Oscar-winning documentary maker Errol Morris’ latest movie, Tabloid, is now becoming a box-office-buster at cinemas around the US. It’ll be on general release in the UK sometime next year and then aired on BBC TV later. The rest of the world will have to wait.
But what’s the big deal? Morris’ film about a former beauty queen who turned sex-slave-driver barely scratches the surface of the mind-boggling story.
The real fun and games surrounding Joyce McKinney and the Case of the Manacled Mormon is in ebook editions from BeWrite Books HERE … at a fraction of the price of a cinema seat, and with cheap popcorn at a microwave oven near you. Paperback is available HERE.
Morris’ documentary has been massively reviewed as ‘eccentric’. But the real McKinney isn’t so much eccentric as downright hilarious. And author Anthony Delano – former boss of the very tabloid press that created the legend of the Manacled Mormon – tells it all, crazy-blow-by-curious-blow.
US beauty queen Joyce McKinney hit the international headlines in the seventies when, love-struck by a straight-laced Mormon missionary, she – and a devoted minder – stalked him to England, kidnapped him (soul-saving Mormon underwear and all) and chained him to a bed in a remote country cottage where the magic underpants were immediately confiscated and Joyce had her whacky and wicked way with him on a regular basis and he, presumably, thought of Utah, Latter Day Saints and hummed hymns.
She skipped bail and fled home to America, under one of her many, many exotic aliases and on one of her many, many fake passports, before she could be fully tried for what amounted to charges of the abduction and serial rape by a beautiful woman of a helpless, God-fearing man she'd held captive and lashed to a special love bed she’d had shipped over the Atlantic for the occasion.
This was no laughing matter. Just imagine the sheer torture the poor and dumpy evangelist must have suffered as he lay there, chaps, hapless and helpless beneath a ruthless blonde beauty queen! And spare a thought for the flustered reporters from the raunchy red-tops who battled it out around the word for the low down on the High Priestess of Kinky.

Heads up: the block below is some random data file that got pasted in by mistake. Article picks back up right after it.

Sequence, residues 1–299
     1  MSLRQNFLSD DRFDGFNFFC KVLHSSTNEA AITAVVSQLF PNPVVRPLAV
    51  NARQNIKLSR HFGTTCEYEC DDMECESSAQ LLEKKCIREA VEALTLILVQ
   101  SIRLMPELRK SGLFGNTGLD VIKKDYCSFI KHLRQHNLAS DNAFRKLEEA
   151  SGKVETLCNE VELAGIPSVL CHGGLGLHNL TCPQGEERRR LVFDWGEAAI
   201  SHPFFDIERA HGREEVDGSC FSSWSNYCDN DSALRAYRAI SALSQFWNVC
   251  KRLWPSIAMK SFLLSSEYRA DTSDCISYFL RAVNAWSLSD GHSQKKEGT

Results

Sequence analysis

Great tabloid newspaper fodder was that tale. And, wow, did it hit the headlines big time and long time on both sides of the Shining Big Sea Water! But Joyce herself is just one act in the circus ring.
The real stars are the expert trapeze artists, jugglers and lion-tamers; the crafty, cut-throat and amazingly skilled and resourceful journalists who competed, daggers-drawn (until the pubs opened and they were all pals again), to unravel the weirdest tale even the most hard-bitten had encountered. That's why Errol Morris called his movie Tabloid, of course. McKinney was a mere chorus girl to the main act.
Delano’s book (which fired Morris' fancy when he bought it for three hundred bucks as a collector’s piece when the first edition was out of print) tells all in this new, extended and updated edition ... the tragedy and the travesty, the mystery and the almost unbelievably comic of la crème de la crime.
Joyce is now back in the world news in a big way because of the movie, this book ... and because her true identity was discovered accidentally when she boasted on TV of having a litter of puppies cloned from the severed ear of her dead pet dog. That is one time she wasn't telling fibs and little black lies. Even though she’d assumed yet another alias and changed her appearance to spread the cloning tale, baby-boomers clocked her at a glance.
You can read more about Joyce McKinney and the Case of the Manacled Mormon and the author and read the first chapter and reviews in the bookstore section of the BeWrite Books website HERE.
The ebook can be bought from any major online ebook store. It’s available for reading on PCs and laptops, all dedicated ebook-reading devices like Kindle, Nook, Kobo, Sony, Apple iPad, etc, etc, etc, and also on iPods and smart phones. And you can buy it direct from BEWRITE BOOKS in all popular digital formats. Paperback from Revel Barker Publishing is HERE.
Here's a wee bonus from cartoonist James Whitworth’s 'Rudge' cartoon below that pretty well sums up how you might feel after you’ve read Delano’s book or even if you’ve just glimpsed the tip of the iceberg in Errol Morris’ much less rib-tickling documentary …
Happy weekend, folks. Neil et all at BeWrite Books